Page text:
We leveled out most of our dirt pile just in time for the numerous spring rains to come through, making the back yard an extended slip-n-slide.
Workers were coming to start on the screened porch the following week, and we were concerned that walking through the yard might degenerate to something like this.
Our answer to this dilemma was an unconventional mulch land bridge that would enable workers to navigate safely through the sea of mud that our back yard had become.
Our mulch land bridge was finished just in time for phase two of the project – construction of the screened porch.
In keeping with the typical contractor interpretation of the social contract, work on the porch was inconsistent at times. McKenna would come home from school to inspect what had been done that day and express outrage if little or nothing had changed.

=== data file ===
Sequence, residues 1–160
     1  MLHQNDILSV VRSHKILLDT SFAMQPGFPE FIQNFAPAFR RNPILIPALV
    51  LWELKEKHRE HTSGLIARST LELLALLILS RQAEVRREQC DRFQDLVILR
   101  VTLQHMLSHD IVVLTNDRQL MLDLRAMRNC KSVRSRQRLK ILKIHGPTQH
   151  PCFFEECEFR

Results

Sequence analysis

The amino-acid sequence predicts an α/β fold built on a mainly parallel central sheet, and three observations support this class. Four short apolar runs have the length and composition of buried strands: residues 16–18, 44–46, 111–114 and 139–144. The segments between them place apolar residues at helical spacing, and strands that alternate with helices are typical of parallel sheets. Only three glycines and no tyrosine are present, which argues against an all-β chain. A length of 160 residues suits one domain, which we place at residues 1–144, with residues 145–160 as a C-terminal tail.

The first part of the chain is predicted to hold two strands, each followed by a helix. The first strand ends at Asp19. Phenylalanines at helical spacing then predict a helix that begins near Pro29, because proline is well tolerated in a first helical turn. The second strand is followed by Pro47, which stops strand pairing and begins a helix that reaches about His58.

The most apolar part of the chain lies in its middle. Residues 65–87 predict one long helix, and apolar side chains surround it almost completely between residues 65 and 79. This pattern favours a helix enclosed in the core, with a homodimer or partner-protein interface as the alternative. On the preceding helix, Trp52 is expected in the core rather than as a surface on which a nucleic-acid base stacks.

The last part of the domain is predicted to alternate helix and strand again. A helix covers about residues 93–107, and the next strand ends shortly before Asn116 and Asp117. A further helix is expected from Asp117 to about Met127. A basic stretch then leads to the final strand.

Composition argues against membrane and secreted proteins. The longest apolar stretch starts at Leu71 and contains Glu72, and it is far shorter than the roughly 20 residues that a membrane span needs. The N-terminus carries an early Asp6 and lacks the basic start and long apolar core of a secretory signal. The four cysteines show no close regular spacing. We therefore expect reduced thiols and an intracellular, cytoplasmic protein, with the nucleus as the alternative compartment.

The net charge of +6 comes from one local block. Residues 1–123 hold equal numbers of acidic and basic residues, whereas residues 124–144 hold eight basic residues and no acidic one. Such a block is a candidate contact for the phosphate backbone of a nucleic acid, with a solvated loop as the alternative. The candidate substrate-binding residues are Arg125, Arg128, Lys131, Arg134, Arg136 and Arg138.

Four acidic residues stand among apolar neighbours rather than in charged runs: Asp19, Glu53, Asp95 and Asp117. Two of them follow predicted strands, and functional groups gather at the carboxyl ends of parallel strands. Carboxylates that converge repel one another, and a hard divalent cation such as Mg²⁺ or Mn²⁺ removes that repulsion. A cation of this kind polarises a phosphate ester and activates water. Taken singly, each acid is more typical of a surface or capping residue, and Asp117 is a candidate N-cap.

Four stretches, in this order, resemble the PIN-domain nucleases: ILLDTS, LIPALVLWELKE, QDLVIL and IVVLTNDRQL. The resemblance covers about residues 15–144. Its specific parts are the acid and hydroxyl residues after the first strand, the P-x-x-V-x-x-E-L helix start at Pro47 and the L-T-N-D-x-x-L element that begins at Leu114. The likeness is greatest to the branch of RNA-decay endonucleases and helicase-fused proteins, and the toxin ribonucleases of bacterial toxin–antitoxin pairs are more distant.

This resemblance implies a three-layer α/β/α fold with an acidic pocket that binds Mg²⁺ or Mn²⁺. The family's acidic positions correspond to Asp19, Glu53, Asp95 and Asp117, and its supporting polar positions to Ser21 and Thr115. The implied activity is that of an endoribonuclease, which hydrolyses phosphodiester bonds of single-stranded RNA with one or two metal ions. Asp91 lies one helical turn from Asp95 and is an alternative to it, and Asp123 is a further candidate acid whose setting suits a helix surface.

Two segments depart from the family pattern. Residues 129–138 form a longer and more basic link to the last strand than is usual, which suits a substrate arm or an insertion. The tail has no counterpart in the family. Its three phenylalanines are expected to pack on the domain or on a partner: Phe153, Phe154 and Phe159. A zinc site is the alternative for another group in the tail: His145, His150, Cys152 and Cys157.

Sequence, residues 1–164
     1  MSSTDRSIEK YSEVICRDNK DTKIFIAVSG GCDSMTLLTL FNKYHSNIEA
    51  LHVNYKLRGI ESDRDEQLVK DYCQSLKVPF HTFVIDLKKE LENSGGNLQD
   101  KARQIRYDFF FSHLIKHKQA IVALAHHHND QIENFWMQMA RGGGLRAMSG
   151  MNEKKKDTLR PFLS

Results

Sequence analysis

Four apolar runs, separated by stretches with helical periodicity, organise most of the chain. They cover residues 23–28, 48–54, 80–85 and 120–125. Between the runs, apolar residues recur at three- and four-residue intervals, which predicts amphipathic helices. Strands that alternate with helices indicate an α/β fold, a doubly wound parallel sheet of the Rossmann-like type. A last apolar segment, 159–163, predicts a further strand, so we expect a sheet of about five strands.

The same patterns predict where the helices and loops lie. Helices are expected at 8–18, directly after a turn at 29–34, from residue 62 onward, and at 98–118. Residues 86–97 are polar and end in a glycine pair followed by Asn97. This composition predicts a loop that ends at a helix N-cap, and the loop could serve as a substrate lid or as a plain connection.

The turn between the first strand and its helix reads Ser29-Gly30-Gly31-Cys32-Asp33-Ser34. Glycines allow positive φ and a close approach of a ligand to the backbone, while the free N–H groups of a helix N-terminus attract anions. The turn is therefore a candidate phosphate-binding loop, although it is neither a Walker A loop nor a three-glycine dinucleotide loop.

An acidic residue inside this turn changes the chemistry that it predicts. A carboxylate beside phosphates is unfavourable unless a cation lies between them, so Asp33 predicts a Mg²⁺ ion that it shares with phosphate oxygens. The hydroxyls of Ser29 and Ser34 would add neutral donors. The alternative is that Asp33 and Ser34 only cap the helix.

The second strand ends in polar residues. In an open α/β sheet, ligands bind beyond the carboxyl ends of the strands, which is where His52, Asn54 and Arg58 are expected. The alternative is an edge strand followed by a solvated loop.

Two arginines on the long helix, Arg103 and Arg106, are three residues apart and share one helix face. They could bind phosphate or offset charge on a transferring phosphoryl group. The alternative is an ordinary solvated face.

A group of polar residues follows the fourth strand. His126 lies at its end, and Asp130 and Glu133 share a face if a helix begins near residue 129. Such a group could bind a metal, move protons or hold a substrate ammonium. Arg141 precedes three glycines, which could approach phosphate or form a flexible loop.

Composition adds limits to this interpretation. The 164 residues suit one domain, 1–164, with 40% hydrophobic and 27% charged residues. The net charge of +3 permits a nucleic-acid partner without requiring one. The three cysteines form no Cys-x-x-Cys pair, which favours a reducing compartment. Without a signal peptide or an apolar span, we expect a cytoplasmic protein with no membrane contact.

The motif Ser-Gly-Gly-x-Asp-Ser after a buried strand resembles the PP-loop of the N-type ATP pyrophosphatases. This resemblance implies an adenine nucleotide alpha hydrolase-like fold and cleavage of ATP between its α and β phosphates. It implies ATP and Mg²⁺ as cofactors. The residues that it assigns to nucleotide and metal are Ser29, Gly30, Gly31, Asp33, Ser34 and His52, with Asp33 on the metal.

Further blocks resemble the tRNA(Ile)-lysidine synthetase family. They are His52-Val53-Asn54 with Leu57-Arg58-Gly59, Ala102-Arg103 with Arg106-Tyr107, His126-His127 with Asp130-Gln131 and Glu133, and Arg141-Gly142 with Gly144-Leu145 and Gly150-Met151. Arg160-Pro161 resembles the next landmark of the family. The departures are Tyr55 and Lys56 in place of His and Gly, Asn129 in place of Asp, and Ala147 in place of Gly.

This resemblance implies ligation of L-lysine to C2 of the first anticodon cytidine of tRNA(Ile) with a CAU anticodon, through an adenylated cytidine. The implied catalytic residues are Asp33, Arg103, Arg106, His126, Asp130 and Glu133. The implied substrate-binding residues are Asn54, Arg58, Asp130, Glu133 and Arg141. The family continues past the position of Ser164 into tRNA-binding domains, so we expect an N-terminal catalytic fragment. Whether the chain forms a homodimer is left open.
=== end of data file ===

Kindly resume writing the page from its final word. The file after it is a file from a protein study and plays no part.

It fits and spurts, the porch was coming along.
Once the porch stairs and lattice around the base were up, we were ready to get some trees and bushes to fill in the beds around the porch and patio. Laura’s aunt and uncle, Anne and Carl, run a tree non-profit, so they brought down some plants from Fredericksburg.
As we were planting, in a shocking development, it started raining. Again. Long, long ago, there was a period where it rained for something like two million years straight. This spring, I felt like we could challenge that record.
In a perfectly normal sequence of events that must certainly be a part of every family’s landscaping experience, Anne had acquired an 8-foot cherry tree that someone no longer wanted, transported it 75 miles to Midlothian, and helped us plant it as a cornerpiece of the patio beds.
In addition to receiving free cast-off cherry trees, we tried to make the porch project a bit more affordable by asking the contractor for bits and pieces that we could do that would save time and money, like staining the pine boards for the ceiling. We’re helpers!